Thursday, July 18, 2019


Naomi Booth is a fiction writer and academic. Her first work of fiction, The Lost Art of Sinking, emerged from research into the literary history of swooning, and won the Saboteur Award for Best Novella 2016 as well as being selected for New Writing North’s Read Regional campaign 2017.

Booth applied the Page 69 Test to her new novel, Sealed, and reported the following:
From page 69:
‘Look at this,’ he says, turning towards the valley and the mountains. ‘No smog out here. Clean as a whistle. Smell that air!’

I breathe in through my nose. It smells cleaner than the city, for sure. It’s a complex mix, there are tones in there: the hot acacia hits you first, green and waxy, but then there’s something sharper, a bit like petrol, and after-notes of charcoal ash. Things smell different to me now, stronger and more distinct. Before we left the city, I’d stopped going out on weekends when there was smog. I could smell the pollution hours before it descended: I could distinguish all the different acrid layers that make up its piss-yellow haze. It made me dizzy and nauseated. Pete says it’s the pregnancy, says it can make you hyper-alert to scents and tastes.
Pete and Alice have left the city to try to escape its toxic environment and a strange skin condition that is affecting people there. This passage on page 69 captures a lot of things that are at play in Sealed: Alice is heavily pregnant and highly anxious. She’s hyper-attuned to the environment in a way that Pete isn’t—and it’s not clear if this is paranoia, or a result of pregnancy, or another kind of intuition. Pete is optimistic in a way that can seem to belittle her sense of the world as threatening, and there’s a tension in the novel around that clash of emotional worldviews: he’s hopeful while she’s fearful. Alice’s experience of pregnancy is an important part of the story: she has a highly ambivalent relationship to being pregnant, and this is reflected here through scent—pregnancy has made her more sensitive to the potential toxicity of the air around her, and the whole world feels and smells poisonous to Alice. Another crucial element of the novel is the landscapes in which it is set: Pete and Alice move to a rural, mountainous area, which is beautiful and vast. Pete experiences this in a positive way, but for Alice the beauty of this environment is darkened with danger: this is a landscape that might ultimately prove deadly—poisoned and poisonous, liable to catch fire, and full of strange, unpredictable animal life.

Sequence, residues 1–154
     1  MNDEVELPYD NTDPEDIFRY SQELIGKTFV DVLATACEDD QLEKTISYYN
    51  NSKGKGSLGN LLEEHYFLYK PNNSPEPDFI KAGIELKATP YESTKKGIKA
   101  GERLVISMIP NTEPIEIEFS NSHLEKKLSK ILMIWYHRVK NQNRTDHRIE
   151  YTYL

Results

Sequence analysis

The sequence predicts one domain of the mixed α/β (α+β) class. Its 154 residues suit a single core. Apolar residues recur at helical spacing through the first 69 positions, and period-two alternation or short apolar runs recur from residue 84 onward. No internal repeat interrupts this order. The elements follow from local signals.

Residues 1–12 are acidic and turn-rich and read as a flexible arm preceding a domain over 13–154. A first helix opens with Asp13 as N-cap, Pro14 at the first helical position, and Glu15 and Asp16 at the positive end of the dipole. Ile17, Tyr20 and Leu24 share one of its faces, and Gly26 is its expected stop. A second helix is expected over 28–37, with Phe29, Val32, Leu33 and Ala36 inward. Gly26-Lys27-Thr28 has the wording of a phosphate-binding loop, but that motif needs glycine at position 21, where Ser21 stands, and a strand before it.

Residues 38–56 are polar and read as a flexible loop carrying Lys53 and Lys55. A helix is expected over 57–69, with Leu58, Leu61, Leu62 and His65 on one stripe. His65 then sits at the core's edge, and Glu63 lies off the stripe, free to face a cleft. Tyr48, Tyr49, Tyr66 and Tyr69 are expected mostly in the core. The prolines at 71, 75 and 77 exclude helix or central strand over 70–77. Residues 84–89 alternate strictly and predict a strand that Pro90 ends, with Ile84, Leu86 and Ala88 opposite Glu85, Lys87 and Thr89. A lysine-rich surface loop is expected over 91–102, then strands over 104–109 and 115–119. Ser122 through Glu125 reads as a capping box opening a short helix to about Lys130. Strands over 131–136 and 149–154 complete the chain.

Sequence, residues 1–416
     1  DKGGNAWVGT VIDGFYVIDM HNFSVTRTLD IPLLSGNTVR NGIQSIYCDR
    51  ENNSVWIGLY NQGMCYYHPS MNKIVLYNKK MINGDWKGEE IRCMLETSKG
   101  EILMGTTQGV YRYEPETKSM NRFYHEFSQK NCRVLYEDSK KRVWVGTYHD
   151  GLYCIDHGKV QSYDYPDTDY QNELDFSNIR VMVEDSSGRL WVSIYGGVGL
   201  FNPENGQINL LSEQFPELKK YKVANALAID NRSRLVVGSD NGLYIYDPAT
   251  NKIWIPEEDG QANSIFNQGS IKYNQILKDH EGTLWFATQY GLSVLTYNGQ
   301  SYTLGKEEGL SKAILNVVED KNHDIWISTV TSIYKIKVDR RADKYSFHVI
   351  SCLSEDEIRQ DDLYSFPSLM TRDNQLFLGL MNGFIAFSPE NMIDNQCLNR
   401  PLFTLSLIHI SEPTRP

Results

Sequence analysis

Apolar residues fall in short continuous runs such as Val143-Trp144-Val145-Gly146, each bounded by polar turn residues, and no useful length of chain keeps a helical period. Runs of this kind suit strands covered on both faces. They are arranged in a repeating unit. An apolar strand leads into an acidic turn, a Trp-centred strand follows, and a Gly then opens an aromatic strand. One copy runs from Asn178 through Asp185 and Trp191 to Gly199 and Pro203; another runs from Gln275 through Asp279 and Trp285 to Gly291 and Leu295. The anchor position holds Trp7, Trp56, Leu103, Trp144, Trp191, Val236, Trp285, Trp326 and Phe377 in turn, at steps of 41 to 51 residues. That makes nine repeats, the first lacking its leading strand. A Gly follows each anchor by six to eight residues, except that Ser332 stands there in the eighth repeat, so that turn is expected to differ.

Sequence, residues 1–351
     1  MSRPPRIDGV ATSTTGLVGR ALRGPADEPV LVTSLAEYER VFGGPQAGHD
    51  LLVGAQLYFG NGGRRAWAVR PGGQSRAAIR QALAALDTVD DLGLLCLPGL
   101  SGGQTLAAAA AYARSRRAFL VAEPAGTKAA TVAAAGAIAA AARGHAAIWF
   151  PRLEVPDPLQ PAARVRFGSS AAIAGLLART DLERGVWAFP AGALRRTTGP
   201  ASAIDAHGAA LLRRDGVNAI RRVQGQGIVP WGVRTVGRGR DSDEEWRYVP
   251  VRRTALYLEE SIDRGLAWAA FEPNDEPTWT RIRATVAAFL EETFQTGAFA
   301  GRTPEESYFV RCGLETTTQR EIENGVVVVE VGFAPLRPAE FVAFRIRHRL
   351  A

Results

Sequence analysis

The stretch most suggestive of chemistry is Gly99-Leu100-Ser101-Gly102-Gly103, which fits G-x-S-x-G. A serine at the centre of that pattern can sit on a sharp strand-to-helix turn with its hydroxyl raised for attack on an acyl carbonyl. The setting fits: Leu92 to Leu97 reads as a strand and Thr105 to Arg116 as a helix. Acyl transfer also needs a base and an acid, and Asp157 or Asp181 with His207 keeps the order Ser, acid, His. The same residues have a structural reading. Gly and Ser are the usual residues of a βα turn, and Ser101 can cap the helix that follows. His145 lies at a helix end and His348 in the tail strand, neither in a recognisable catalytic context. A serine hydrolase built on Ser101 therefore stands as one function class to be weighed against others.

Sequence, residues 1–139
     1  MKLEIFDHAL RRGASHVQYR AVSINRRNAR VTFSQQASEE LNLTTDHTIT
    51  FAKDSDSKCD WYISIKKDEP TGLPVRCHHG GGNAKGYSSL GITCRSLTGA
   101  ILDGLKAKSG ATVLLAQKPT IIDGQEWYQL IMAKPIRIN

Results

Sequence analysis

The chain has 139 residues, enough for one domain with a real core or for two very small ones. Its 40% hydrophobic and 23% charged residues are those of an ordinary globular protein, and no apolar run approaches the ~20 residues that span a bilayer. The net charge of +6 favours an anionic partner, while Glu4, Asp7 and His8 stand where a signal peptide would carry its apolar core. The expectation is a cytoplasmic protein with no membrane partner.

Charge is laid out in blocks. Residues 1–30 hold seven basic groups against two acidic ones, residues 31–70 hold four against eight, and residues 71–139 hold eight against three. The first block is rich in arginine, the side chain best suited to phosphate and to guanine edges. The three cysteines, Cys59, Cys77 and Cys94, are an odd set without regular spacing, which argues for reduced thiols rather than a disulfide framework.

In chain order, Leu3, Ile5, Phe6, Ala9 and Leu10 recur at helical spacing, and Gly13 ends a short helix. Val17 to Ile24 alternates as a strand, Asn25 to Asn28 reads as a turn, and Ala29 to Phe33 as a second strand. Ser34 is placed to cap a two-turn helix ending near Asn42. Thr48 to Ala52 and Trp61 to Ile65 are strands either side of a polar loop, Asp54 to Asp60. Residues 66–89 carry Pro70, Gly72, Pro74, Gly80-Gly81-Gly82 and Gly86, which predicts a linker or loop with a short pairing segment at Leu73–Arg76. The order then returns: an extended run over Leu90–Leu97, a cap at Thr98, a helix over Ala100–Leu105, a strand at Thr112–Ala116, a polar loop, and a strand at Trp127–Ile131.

Visit Naomi Booth's website.

--Marshal Zeringue